A youth group’s decision to send a tour bus packed with 36 children from Quebec to New Brunswick during a blizzard  last Sunday has sparked a storm of controversy.

The group was returning to New Brunswick from a trip to Rimouski on Sunday night when the charter bus started running into snowy conditions as it made its way through the northern part of the province.

There were 36 children between 12 and 18 years old and 11 adults on board the Coach Atlantic Bus.


The Miramichi Police stopped the youth group's bus at this stop in Miramichi. The bus decided to halt its trip. (CBC)

While the bus driver was navigating the stormy conditions, parents at home waiting for their children were receiving frantic cellphone, Facebook and text messages from their kids. In those messages, the children were saying they were scared and feared for their lives.

Sylvie Robichaud, a parent who was on the bus with her 12-year-old daughter, said the bus should never have left Rimouski given the widespread storm warnings in New Brunswick.

Miramichi Police Sgt. Bob Bruce said he started receiving phone calls from parents late on Sunday afternoon who were concerned about the bus travelling in the storm.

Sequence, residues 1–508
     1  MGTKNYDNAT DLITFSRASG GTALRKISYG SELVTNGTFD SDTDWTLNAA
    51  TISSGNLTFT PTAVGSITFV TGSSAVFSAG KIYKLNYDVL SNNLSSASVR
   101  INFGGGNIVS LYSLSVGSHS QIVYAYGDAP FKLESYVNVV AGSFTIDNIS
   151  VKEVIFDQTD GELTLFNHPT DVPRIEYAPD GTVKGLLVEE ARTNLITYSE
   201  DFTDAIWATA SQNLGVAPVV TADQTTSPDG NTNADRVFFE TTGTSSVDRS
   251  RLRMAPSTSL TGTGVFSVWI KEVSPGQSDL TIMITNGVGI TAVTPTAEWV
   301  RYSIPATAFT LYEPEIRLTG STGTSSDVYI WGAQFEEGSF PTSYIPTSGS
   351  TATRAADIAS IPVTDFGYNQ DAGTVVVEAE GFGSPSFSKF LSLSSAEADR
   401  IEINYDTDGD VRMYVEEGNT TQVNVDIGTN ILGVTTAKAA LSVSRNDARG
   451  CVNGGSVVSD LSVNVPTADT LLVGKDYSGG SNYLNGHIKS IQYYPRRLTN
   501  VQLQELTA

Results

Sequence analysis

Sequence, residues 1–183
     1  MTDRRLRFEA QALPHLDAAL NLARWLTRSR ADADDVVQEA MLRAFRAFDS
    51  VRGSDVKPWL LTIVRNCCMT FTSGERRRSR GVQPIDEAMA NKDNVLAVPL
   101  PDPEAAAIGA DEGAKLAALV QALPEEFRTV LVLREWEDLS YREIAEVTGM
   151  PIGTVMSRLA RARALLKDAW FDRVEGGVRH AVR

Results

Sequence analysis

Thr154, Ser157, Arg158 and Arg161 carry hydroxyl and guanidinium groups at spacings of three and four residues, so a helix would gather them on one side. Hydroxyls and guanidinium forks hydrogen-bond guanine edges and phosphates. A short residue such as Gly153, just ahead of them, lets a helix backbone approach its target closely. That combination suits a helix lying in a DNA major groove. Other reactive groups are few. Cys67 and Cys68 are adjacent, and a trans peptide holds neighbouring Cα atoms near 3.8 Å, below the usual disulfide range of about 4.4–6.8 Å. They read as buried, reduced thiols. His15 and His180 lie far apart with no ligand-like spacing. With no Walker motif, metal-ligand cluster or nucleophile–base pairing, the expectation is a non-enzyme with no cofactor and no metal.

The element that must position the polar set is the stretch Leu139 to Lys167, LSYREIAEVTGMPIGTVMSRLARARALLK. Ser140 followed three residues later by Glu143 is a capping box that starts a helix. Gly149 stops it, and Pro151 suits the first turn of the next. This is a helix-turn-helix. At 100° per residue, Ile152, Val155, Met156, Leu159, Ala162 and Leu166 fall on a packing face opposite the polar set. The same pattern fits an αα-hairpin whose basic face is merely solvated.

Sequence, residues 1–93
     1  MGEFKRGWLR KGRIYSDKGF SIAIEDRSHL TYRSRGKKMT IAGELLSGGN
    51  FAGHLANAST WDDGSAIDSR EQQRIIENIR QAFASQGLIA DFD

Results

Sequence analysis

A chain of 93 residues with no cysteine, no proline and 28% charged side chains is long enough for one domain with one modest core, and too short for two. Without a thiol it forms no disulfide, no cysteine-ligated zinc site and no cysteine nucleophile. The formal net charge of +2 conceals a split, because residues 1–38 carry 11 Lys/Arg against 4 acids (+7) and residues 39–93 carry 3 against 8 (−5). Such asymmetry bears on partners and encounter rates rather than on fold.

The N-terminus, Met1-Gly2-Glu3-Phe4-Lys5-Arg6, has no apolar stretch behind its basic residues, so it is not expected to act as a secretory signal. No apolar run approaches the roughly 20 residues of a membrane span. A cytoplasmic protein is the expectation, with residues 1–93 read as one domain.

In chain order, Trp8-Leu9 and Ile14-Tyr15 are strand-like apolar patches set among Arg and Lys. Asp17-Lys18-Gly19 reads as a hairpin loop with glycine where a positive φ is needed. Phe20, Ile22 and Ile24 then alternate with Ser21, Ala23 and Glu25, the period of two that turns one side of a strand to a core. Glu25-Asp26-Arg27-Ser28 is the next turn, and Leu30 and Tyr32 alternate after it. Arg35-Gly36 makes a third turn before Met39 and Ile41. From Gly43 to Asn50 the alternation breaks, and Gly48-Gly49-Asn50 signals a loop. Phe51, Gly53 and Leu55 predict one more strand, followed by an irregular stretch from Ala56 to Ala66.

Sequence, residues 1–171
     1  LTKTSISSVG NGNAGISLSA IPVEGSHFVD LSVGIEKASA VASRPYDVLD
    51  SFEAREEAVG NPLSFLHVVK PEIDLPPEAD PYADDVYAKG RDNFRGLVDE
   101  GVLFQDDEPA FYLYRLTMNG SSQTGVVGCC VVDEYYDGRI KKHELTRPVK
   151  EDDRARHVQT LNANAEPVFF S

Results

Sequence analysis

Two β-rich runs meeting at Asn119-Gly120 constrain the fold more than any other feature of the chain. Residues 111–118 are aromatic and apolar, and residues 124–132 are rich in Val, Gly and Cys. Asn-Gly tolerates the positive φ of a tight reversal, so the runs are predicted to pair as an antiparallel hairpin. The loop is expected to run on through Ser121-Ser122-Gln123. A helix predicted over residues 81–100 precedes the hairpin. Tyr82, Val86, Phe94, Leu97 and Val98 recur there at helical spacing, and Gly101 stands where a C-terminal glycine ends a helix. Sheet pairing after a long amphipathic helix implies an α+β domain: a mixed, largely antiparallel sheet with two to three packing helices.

Miramichi Sgt. Bob Bruce said the police had received calls from parents saying they were concerned about their children travelling during the storm. (CBC)

"They were concerned for the safety of the youth because they had been getting cell phone calls from youth saying that the roads were fairly hazardous and they were concerned for their children’s safety," he said.

So the Miramichi police intercepted the bus at a drop-off site in the northern city. At that point, the bus driver decided to park the bus in Miramichi for the night.

All 48 people who were on the bus were housed at a local hotel for free.

Coach Atlantic says it's up to the bus driver to determine when the roads are not safe for travel.

Maria Daigle, the youth group’s co-ordinator, was in charge of the Rimouski trip. She said she trusted the bus driver’s judgment to continue driving on Sunday.


The 48 passengers on the bus were put up in this Miramichi hotel for free. (CBC)

"We could see the yellow lines at all times and I was sitting right in the front so once in a while I would get down and I would look to see what he was seeing," she said.

While she could see the snow falling, Daigle said she was unaware of the storm of controversy that was brewing at the back of the bus among the children and some of the other adult passengers.

"I guess some of them got nervous, but they didn’t tell us, they didn’t tell me," she said.

Daigle said the concern about the driving conditions has been blown out of proportion.

"I would never, never put them in danger," she said.

"I know what it's like to lose a child. I did lose one when he was six and a half years old and to me these children that I bring there are like my own children," Daigle added.